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UK workers face their biggest Christmas wage cut in a decade as wages fail to keep up with rising prices in shops, unions warn today.
The Trade Union Congress (TUC) warned that wages were lagging behind inflation, creating a cost-of-living storm.
He estimates that in the last quarter of this year, wage growth (+ 0.8%) will increase at only half the speed of inflation (+ 1.6%).
This means the biggest drop in real wages since 2012 and the second worst since comparable records began in 2000.
Families are affected by soaring energy costs and rising food bills, as manufacturers pass their increased costs on to customers. And with the economy growing barely in October, companies may struggle to raise wages even as they scramble to attract workers.
YOU KNOW general secretary Frances O’Grady urges the government to step in and work with unions to increase wages across the economy:
âPeople should be able to look forward to Christmas without having to worry about how they’re going to pay for it.
âMillions of people face a cost of living storm as bills soar and real wages drop. After more than a decade of wage stagnation, this is the last thing working families need.
âThe government cannot stay out of this crisis. We need a proper plan for wages to rise across the economy, otherwise the squeeze in household budgets will continue.
Ministers should now get to the table with unions and employers and strike fair wage deals for every industry. This is the best way to improve the standard of living and relieve the pressure on households.
UK inflation hit a 10-year high in October at 4.2% and is expected to hit 5% next year.
Wage growth has slowed recently, however, with underlying earnings growth estimated at 3.4% to 4.9% for the July-September quarter.
Also coming today
European markets are expected to open higher, as investors await monetary policy decisions from the US Federal Reserve (Wednesday) and the Bank of England and European Central Bank (Thursday).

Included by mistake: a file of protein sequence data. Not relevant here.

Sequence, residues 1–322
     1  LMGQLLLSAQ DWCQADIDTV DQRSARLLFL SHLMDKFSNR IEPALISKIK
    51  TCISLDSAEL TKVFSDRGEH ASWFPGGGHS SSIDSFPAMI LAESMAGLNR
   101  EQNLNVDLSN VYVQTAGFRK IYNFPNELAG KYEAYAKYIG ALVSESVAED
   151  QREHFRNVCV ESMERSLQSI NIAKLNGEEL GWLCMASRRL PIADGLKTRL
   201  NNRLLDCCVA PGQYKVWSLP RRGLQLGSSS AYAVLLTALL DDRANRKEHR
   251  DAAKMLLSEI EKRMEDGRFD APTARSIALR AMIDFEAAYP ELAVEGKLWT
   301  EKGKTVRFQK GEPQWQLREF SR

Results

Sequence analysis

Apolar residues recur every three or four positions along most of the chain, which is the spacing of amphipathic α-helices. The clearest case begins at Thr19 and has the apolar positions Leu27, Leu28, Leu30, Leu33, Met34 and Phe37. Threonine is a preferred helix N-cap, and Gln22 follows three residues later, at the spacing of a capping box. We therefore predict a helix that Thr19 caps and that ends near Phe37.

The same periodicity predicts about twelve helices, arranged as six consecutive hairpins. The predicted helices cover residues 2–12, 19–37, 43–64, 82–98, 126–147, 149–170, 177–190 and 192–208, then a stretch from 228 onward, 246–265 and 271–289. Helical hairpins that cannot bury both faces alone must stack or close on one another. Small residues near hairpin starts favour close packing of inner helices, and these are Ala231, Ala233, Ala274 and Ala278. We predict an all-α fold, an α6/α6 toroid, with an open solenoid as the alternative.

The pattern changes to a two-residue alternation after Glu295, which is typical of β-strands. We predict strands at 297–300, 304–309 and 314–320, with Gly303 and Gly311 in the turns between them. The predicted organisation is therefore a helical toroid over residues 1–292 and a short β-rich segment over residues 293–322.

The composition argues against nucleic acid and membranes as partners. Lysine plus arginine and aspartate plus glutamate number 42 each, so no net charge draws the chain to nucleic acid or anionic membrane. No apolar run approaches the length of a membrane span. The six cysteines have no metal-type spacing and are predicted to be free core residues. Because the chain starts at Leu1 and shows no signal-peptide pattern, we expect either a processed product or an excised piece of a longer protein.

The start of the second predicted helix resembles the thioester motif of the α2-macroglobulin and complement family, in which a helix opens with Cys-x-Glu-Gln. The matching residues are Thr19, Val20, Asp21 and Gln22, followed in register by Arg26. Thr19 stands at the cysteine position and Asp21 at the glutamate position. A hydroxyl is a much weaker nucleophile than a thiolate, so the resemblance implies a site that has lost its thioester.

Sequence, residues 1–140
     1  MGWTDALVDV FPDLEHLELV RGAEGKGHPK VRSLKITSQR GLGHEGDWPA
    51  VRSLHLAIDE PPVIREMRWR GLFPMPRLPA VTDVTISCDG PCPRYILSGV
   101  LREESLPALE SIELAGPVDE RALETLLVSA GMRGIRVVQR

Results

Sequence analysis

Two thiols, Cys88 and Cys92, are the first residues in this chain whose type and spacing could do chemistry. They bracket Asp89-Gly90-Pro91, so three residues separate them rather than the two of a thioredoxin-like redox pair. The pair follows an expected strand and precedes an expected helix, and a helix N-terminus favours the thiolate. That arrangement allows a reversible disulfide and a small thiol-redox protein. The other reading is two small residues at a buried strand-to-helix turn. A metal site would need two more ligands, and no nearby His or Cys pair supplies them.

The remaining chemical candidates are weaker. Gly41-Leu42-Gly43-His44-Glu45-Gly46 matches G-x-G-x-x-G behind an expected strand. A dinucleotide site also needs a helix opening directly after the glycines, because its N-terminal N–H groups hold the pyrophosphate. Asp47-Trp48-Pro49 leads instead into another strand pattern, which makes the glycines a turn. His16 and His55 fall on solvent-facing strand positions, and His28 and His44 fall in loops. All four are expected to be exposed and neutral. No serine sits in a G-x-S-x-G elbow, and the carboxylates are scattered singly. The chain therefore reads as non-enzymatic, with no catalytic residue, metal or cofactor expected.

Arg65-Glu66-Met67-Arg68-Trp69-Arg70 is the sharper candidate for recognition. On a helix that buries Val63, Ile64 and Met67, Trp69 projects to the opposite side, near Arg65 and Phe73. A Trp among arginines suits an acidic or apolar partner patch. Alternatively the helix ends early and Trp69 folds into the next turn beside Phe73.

The Bank of England needs to assess whether to raise interest rates to fight inflation or resist until it knows more about the Omicron variant.
Sanjay Raja, UK chief economist for Deutsche Bank, predicts that the BoE will increase borrowing costs – although other voices in the city do not foresee any change.
Basically, news of the Omicron variant has changed little on the medium-term economic outlook. The job market remains as tight as it has been in recent memory, despite the end of the leave plan on September 30. And inflation continues to beat staff expectations, despite a major upward revision to the November Monetary Policy Report.
Additionally, Omicron’s potential disruption could lead to even more inflationary pressures in the medium term, with supply chain bottlenecks and labor shortages / mismatches further exacerbated by growing restrictions, both nationally and globally.
It’s a finely balanced decision, however, he adds.
Later today, the Bank of England will release its assessment of the soundness of the UK financial system and the results of its annual stress tests on banks.
These should show that banks have strong capital buffers, which could pave the way for more lending to support the economy during the pandemic.
According to the Mail on Sunday, the BoE is also preparing to water down UK mortgage rules, easing affordability restrictions to make it easier for borrowers to take out larger home loans.
And millions of office workers could once again be working from home offices, attics or kitchen tables, as the government asks the British to work remotely “if you can.”
- 5 p.m. BST: Bank of England releases financial stability report
- 5 p.m. BST: Bank of England publishes results of its 2021 solvency stress tests on UK banking system